"Come to Me, all you who are weary and burdened, and I will give you rest."

"Fear not, little flock; for it is your Father's good pleasure to give you the kingdom." Luke 12:32

It is the Shepherd's voice. Under that favorite and expressive emblem He is set before His Church as Himself the Burden-Bearer. The wandering sheep is on His shoulders, and He carries it back to the fold and to its rest rejoicing. The verse seems in this place to be put in contrast with the cares and solicitudes against which He had warned His people in the immediately preceding context. As a substitute for earthly-mindedness, they are called (to use the suggestive word of a German commentator) to "heavenly-mindedness,"--lifted above the fretting and depressive anxieties of a present evil world, to that kingdom of the Father which is not food and drink, but righteousness and peace and joy in the Holy Spirit. The cares of this world and the deceitfulness of riches are hostile to rest. With all the rare endowments of nature and "wealth of circumstance," few knew better than Dante what it was to be "weary and heavy laden;" how little outward things, and least of all worldly aggrandizement, could minister to the mind diseased, and meet the heart-longing for repose. In his great poem he puts these words into the lips of another–
"For all the gold that is beneath the moon,
Or ever has been, of those weary souls
Could never make a single one repose."

"The world passes away, and the lust thereof--but he that does the will of God abides forever."

Note two of the characteristics of those whom the Great Rest-Giver addresses.

It is a LITTLE flock--despised by the world, unthought of by men; in many ways unworthy of the Shepherd's cognizance and regard. Each "little," each finite life is like the mathematical point, having position but no magnitude. The finite compared to the Infinite! It is like a tiny drop in the shoreless sea! But God's ways are not as our ways, nor His thoughts as our thoughts. "Fear not, worm Jacob." What may be scorned and unpitied of men, enlists the tenderness, sympathy, and love of the Shepherd of the sheep. "It is not," says He, "the will of your Father who is in heaven that one of these little ones should perish" (Matt. 18:14). It is His own beautiful prophetic saying--"I will turn my hand upon the little ones" (Zech. 13:7).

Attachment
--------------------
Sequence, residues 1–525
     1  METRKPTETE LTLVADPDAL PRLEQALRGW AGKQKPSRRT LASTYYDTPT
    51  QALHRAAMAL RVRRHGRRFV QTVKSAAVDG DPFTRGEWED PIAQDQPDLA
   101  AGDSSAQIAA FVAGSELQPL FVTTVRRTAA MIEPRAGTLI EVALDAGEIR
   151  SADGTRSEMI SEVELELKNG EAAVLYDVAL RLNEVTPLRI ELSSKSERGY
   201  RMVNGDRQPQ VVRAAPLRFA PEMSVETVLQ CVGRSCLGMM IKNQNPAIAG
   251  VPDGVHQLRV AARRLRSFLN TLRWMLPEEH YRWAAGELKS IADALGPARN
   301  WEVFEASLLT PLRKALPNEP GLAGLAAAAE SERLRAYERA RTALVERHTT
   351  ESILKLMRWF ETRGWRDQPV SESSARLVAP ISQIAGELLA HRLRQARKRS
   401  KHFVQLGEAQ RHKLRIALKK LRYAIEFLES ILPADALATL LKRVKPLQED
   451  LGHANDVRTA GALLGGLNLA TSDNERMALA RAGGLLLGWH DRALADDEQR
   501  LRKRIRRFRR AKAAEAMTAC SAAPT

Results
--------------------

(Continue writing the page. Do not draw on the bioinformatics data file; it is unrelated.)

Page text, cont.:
It is a TREMBLING flock. The existence of fear and misgiving is acknowledged; the apprehension, it may be, at times of the forfeiture of promised spiritual blessing; the encountering of peril and difficulty and danger. "The wolf comes and scatters the sheep." But ultimate safety is not the less insured, though possibly reached with torn fleece and bleeding feet. The Speaker interposes the quieting assurance, "Fear not." He gives His pledge to fetch every wanderer home. The covenanted kingdom is safe, for it is "the Father's good pleasure" to bestow it. A Father-God and a Shepherd-Savior have put their names to that kingdom's title-deeds. We have there a double guarantee, that nothing can defraud us of our covenant rights, nothing cross us out of our purchased inheritance. Occasionally there may be and will be tempests to buffet and floods to pass through. But He who purchased the flock and tended it, followed it in all its devious wanderings in "the dark and cloudy day," will at last fold it secure in the pastures of the blessed. In the words of an old divine, "He leads us in; He leads us through; He leads us on; He leads us up; He leads us home."

O gracious Savior, Your strong arm will bear me safely. Let me be responsive to Your call and obedient to Your guidance and direction.

I will listen to Your "Come unto Me," and to the sure word of promise, embracing this world and the next– "Fear not--for I have redeemed you, I have called you by your name; you are mine."

"This is the resting place, let the weary rest. This is the place of repose." Isaiah 28:12

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